When drinking from a traditional Spanish porrón, diners must precariously funnel a stream of wine into their open mouths through a spout. Fortunately, at Espana, gracious staffers provide the daring drinkers with a glass of soda water to clean any spills from their shirts.
Porrón wine is only one of the Spanish traditions visitors encounter at the authentic Mediterranean restaurant, where more than 40 varieties of hot and cold tapas pair with pitchers of sangria amid the strains of a guitar. In the kitchen, chefs assemble exotic spices, fine meats, seafood, and vegetables onto small plates, drawing inspiration from generations-old Spanish recipes. They also prepare paella, a family-style rice dish that typically includes veggies, saffron, and meats. In 2009, an Omaha World-Herald writer lauded their paella a la tierra for its "earthy and rich, yet light and delicate" snails and "perfectly cooked" rice.
Out in the dining room, tapas plates speckle colorful red and yellow tables beneath the vivid abstract paintings that hang from sea-green walls. Each month, the dining-room stage hosts live cultural performances, which allow guests to enjoy Spanish guitarists, Spanish dance shows, and Spanish renditions of popular scenes from Good Will Hunting.
Bruegger's bagels are created using fresh, wholesome ingredients and then kettle-boiled in the New York tradition, resulting in chewy centers with crisp outer crusts. Awaken your taste buds with a savory combination such as the rosemary olive oil bagel smothered with onion and chive cream cheese ($2.39). Or, prove yourself to be a sweetie by adopting a family of 13 bagels and washing them up and behind the ears in the two tubs of garden-veggie cream cheese in the Big Bagel Bundle ($13.99). Bruegger's deli menu is flanked by an array of breakfast sandwiches and lunch fare. Bury thoughts of the snarky snooze button with the breakfast bagel bearing an egg, melted cheese, and a choice of bacon, sausage, or ham ($3.99), or wrap your mitts around the Leonardo da Veggie lunchtime sandwich and bite into tomatoes, roasted red peppers, red onions, and muenster cheese on an asiago Softwich ($5.49).
Born and raised in France, chef Cedric S. Fichepain carried his family recipes and passion for traditional French fare across the pond in 1997. Four years later, Cedric cut the ribbon at Le Voltaire Restaurant, which serves up classics such as croque madame sandwiches and coq au vin stewed in white wine. The cellar's 1,000-bottle inventory of French wines has earned the Wine Spectator Award of Excellence eight years in a row, and the eatery was also recognized as one of the city's best French dining experiences in _Omaha Magazine'_s Best of Omaha 2012. The restaurant's lemon-yellow walls and rough-hewn wooden door create a rustic feel, and beneath a unique glass bar top is a display of carefully arranged dried flowers.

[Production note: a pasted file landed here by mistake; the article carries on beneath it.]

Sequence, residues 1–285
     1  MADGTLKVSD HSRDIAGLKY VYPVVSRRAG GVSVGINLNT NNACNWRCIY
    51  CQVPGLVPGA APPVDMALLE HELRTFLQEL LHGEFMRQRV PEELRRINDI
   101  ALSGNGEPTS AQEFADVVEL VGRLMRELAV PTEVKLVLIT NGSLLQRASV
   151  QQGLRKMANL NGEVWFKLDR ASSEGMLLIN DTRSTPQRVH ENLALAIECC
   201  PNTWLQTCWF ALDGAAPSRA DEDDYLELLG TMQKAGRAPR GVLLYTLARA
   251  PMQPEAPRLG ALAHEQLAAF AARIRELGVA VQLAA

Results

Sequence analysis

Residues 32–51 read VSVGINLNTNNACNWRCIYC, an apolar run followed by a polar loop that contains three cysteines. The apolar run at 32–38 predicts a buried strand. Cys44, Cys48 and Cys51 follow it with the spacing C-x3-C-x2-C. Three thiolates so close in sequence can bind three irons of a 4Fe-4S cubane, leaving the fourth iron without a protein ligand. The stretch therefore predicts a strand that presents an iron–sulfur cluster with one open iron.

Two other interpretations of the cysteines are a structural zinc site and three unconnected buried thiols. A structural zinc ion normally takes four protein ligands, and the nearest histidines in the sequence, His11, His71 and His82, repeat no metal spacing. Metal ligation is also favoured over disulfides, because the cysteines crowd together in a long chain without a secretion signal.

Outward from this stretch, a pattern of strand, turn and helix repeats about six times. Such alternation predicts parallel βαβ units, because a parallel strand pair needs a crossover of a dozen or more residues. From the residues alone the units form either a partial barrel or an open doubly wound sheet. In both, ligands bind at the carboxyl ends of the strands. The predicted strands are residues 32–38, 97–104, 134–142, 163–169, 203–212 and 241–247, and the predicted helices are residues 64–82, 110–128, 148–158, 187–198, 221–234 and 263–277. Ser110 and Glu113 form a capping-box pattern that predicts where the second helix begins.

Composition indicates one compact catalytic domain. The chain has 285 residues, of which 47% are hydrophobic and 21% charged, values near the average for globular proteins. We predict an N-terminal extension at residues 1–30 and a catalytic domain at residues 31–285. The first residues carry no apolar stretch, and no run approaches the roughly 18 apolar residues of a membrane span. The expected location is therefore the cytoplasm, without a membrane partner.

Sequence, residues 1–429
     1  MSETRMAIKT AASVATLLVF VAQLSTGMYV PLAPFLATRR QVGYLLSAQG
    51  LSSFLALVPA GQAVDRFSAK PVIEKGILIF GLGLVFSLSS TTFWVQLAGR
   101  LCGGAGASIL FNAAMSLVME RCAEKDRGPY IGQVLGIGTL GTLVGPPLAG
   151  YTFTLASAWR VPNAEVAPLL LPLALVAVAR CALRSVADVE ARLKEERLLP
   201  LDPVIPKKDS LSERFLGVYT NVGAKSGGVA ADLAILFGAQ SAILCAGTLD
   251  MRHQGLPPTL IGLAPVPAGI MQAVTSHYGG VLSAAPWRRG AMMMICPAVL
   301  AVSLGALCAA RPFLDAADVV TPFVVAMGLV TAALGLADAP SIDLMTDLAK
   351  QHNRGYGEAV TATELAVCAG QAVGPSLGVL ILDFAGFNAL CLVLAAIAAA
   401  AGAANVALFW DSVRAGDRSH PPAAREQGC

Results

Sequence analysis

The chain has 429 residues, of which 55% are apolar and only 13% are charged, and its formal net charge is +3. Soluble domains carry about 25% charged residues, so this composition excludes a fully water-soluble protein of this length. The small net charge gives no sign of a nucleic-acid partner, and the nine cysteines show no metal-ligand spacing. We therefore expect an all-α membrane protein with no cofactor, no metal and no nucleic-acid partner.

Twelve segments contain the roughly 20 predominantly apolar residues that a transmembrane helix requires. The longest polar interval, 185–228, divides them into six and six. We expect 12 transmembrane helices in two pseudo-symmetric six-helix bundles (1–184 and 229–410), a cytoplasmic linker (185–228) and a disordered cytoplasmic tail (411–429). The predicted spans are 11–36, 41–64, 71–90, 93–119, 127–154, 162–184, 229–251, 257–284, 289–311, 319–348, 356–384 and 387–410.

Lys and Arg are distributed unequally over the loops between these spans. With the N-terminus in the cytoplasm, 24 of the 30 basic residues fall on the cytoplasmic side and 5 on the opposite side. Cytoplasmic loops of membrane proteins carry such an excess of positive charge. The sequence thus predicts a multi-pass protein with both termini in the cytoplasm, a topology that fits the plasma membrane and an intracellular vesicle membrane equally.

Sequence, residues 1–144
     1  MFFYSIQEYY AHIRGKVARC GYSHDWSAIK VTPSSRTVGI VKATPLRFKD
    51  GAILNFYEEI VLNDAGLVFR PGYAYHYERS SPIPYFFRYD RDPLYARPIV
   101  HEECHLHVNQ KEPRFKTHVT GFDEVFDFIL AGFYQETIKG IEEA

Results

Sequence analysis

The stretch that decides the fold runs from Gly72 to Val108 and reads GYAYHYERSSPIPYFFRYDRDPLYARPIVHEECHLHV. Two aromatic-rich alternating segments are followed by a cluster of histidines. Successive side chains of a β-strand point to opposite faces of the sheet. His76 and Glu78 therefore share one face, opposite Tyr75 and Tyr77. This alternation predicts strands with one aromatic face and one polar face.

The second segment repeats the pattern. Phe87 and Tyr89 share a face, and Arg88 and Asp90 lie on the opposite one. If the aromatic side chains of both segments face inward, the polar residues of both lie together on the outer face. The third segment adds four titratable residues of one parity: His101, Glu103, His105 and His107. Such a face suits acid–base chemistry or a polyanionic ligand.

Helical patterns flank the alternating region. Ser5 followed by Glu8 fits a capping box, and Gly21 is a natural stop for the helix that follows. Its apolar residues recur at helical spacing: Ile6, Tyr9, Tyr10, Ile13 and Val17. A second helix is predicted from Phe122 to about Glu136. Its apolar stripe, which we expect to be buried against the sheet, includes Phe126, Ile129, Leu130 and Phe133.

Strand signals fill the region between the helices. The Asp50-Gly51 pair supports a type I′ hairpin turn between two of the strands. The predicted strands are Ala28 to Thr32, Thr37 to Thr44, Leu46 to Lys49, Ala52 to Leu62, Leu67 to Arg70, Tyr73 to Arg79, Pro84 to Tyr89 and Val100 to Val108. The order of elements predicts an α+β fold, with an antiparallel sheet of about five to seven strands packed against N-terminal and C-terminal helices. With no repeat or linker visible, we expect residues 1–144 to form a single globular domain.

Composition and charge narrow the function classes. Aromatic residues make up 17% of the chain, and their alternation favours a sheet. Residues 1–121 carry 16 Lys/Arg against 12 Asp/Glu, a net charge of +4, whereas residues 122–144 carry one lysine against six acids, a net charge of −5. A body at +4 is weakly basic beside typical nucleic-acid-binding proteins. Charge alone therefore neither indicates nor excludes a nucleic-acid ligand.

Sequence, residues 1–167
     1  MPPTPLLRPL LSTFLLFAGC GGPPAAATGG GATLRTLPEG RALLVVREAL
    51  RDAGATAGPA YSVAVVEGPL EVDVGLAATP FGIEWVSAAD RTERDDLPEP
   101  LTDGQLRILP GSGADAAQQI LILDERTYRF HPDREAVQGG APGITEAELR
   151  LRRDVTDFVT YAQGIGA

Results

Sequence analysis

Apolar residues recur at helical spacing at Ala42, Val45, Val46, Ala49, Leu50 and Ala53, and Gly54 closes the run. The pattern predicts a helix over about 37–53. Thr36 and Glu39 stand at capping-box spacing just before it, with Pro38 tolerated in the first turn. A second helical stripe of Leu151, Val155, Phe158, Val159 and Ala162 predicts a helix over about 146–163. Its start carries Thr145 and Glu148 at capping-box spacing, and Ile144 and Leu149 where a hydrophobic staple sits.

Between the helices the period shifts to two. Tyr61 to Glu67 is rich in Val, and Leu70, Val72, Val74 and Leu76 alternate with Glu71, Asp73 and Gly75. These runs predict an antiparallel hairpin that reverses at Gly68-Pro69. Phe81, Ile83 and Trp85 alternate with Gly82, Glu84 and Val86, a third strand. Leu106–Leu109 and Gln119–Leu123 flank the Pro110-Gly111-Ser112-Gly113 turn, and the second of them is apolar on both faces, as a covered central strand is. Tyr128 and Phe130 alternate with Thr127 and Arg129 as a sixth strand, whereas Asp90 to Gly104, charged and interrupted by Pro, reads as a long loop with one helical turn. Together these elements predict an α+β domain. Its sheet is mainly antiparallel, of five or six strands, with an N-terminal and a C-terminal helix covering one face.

Specializing in edible emporiums of excess, Sips & Subs assembles its gravity-defying bread skyscrapers with support structures of flavorful meats, ambrosial cheeses, and an abundance of tongue-tantalizing condiments. The party-worthy platter is piled high with sliced bread, hoagie buns, and tomato-basil wraps filled with your choice of savory combinations. Considered by some as the supreme Super Bowl snack, the tray feeds 20 to 30 people—or one offensive lineman's backup stomach.
At E’Z Place, big-screen TVs glow with action from college sports as diners peruse a menu brimming with classic American pub fare and bottles of domestic brews. A slew of appetizers, including fried pickles ($6.95) and warm mozzarella bread sticks coated with butter and garlic ($6.95), kicks off mealtimes better than a coin toss held inside a loaf of bread. The deep-dish Chicago-style Super pizza sends forks on a voyage through pepperoni, green peppers, and mushrooms ($14.95–$17.95), and the hand-tossed Aloha pie cradles pineapple, canadian bacon, and black olives like a refrigerator that moonlights as a hula dancer ($12.95–$17.95). Parmesan and mozzarella shield the meatball sub from a downpour of spaghetti sauce ($6.45).
Housed in a fire station dating back to 1900, and bedecked in fireperson memorabilia, Engine House Cafe lets patrons dive into a bevy of breakfast, lunch, and dinner hunger extinguishers with its expansive menu. Start your day with a hot helping of French toast with a side of ham, bacon, or sausage ($4.99 for two pieces) or another Engine House specialty, eggs Benedict with house Hollandaise ($7.59). Customers can customize their early-morning bites by hand-selecting goodies for an omelet, while pre-designed egg folds such as the garden veggie ($7.59) and fajita chicken ($7.79) give sleepy patrons time to clear the cobwebs from their creativity. Midday mouthfuls include an assortment of juicy burgers ($5.59–$7.39), classic cafe sandwiches ($4.19–$8.09), soups ($1.99–$3.49), salads ($2.99–$7.59), and more. Dinner fare adds heartier plates of comfort food, such as chicken-fried steak or chicken ($7.99 each), the smoked pork chop ($8.79), and a heaping helping of fresh-baked pie ($2.19 per slice, $2.99 à la mode)